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ORIGINAL ARTICLE
Year : 2019  |  Volume : 11  |  Issue : 3  |  Page : 232-239

Evaluation of blood pressure control and associated factors among patients with hypertension in Iraq: a prospective cross-sectional study


1 Department of Clinical Pharmacy, College of Pharmacy, Mustansiriya University, Baghdad, Iraq
2 NHS Greater Glasgow and Clyde, Pharmacy Services, Clarkston Court, Scotland, United Kingdom

Correspondence Address:
Ola Ali Nassr
Department of clinical pharmacy, College of Pharmacy, Mustansiriya University, Baghdad
Iraq
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Source of Support: None, Conflict of Interest: None


DOI: 10.4103/jpbs.JPBS_82_19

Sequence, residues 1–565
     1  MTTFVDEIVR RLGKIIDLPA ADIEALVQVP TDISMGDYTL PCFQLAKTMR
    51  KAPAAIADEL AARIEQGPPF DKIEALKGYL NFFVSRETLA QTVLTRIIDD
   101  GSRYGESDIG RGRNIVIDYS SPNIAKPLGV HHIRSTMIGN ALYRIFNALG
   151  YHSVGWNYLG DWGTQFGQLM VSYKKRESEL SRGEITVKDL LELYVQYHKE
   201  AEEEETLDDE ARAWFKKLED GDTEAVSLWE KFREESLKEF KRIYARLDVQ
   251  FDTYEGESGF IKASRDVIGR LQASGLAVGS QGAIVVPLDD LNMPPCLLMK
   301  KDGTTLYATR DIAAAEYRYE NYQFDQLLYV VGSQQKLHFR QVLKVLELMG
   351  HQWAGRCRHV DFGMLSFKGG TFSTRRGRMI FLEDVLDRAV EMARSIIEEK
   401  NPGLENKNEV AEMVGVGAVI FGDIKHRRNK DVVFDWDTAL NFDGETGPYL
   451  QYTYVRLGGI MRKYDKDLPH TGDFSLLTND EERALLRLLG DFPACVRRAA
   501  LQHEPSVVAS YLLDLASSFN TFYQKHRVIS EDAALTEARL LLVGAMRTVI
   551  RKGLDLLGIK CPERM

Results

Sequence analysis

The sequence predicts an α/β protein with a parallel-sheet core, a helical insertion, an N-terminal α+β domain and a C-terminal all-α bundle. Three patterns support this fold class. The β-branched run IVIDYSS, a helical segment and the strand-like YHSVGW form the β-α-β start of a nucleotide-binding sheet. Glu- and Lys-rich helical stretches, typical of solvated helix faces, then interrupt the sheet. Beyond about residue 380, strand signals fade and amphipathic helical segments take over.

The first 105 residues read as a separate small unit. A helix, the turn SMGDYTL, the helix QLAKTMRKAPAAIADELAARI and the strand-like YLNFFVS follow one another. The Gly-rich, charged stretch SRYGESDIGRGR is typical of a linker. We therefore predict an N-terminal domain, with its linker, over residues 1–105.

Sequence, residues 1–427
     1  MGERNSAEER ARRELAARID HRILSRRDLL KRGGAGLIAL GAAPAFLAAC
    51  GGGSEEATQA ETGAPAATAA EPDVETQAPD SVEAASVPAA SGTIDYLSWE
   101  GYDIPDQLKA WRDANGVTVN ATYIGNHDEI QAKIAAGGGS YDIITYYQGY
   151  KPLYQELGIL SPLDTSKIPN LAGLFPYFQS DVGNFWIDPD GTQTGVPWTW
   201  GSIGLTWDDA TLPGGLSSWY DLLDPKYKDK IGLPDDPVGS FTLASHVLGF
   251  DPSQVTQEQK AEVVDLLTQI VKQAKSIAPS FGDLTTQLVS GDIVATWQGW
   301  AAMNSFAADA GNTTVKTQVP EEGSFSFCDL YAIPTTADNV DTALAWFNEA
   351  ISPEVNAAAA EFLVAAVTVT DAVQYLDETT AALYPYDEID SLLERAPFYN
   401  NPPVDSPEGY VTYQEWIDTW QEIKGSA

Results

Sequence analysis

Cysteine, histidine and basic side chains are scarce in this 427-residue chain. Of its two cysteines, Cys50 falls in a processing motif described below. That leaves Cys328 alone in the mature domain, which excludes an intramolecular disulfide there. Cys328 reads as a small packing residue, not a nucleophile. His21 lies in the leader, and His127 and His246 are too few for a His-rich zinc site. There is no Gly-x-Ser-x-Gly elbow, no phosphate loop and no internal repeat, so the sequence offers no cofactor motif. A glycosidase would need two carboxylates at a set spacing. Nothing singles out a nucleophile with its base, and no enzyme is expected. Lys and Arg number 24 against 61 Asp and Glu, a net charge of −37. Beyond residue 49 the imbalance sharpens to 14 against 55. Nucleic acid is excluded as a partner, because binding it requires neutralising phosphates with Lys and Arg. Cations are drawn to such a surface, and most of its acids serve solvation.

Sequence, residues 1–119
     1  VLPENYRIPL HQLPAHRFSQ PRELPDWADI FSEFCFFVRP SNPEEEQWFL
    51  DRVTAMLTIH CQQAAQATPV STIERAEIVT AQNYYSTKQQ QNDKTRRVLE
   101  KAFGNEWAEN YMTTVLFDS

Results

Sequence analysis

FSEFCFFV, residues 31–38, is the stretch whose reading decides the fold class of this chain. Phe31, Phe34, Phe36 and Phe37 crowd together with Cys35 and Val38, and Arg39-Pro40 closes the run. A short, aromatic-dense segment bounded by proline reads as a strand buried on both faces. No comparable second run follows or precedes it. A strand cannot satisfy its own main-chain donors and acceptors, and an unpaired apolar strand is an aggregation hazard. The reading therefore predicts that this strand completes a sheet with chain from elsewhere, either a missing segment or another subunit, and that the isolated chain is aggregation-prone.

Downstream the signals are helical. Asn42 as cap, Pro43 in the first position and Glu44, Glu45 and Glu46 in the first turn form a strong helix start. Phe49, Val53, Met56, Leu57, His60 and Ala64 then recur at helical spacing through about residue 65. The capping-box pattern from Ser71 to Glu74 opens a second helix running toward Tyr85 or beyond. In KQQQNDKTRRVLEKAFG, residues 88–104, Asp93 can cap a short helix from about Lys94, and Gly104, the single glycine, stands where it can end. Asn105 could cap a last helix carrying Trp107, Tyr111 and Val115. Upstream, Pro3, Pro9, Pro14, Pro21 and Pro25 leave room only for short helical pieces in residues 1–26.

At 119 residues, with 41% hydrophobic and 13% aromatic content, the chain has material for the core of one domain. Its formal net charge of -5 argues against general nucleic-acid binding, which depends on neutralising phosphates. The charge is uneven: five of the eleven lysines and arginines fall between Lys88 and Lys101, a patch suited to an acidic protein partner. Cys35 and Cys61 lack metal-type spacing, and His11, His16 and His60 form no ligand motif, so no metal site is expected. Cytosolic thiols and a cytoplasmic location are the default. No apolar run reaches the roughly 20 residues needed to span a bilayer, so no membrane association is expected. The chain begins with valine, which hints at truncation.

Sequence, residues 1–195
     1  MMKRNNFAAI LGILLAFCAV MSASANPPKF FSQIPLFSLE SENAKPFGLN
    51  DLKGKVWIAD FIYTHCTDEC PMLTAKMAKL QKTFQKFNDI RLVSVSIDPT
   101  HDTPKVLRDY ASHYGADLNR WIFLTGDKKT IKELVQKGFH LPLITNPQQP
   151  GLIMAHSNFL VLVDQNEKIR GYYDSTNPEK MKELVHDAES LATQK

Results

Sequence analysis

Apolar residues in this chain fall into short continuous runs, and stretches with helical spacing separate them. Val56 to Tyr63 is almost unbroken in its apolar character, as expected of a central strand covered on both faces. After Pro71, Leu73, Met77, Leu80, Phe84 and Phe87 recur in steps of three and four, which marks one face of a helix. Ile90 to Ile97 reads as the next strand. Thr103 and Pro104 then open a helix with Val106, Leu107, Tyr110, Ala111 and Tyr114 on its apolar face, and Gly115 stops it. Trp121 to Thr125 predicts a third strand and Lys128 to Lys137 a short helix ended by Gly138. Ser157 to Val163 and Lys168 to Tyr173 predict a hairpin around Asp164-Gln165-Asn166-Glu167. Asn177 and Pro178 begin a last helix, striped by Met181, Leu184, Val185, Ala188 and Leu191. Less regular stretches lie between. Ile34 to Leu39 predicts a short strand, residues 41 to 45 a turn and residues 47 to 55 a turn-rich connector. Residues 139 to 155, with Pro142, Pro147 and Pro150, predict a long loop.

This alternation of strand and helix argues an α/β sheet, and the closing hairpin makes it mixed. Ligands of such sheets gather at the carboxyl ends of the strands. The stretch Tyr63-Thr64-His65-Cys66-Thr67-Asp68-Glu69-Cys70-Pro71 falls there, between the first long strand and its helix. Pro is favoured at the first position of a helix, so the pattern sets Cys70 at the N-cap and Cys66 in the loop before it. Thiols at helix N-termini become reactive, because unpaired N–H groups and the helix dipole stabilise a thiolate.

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Background: Uncontrolled blood pressure (BP) is a major contributor to cardiovascular disease–related morbidity and mortality. However, evidence regarding the rate and factors associated with uncontrolled BP in Iraq is scarce. The objectives of this study were a) to assess the magnitude of and factors associated with patient BP control and b) to investigate the patient-level prescribing patterns of antihypertensive medications, in a large Iraqi hospital. Materials and Methods: A prospective, cross-sectional study was conducted in the primary care centers of Al-Yarmouk Hospital in Baghdad, Iraq, between April 2018 and August 2018. Eligible patients answered standard survey questions and had their BP measured. Controlled BP was defined as <130/80mm Hg for patients with diabetes and/or chronic kidney disease and <140/90mm Hg for other populations. Results: During the study period, 300 patients were included; of which, 67.3% were female. The average age was 57.6 (9.2) years (range, 25–79 years). Among the 300 patients included, only 38.7% had controlled BP. In univariate analysis, poorly controlled BP was not associated with education, employment, smoking, comorbid conditions excluding diabetes, and therapeutic regimen used. In contrast, the strongest predictors of uncontrolled BP were age <60 years, male sex, and diabetes mellitus. The majority were prescribed monotherapy (53.0%), followed by dual therapy (38.7%), and triple therapy (8.3%). Angiotensin II receptor blockers or angiotensin-converting enzyme inhibitors were the most commonly prescribed medications at 74.7%, followed by beta-blockers at 29.3%, calcium channel blockers at 28.0%, and diuretics at 23.0%. Conclusion: BP control was suboptimal. Effective feasible strategies should be implemented to increase BP control in Iraq to reduce hypertension-related complications.


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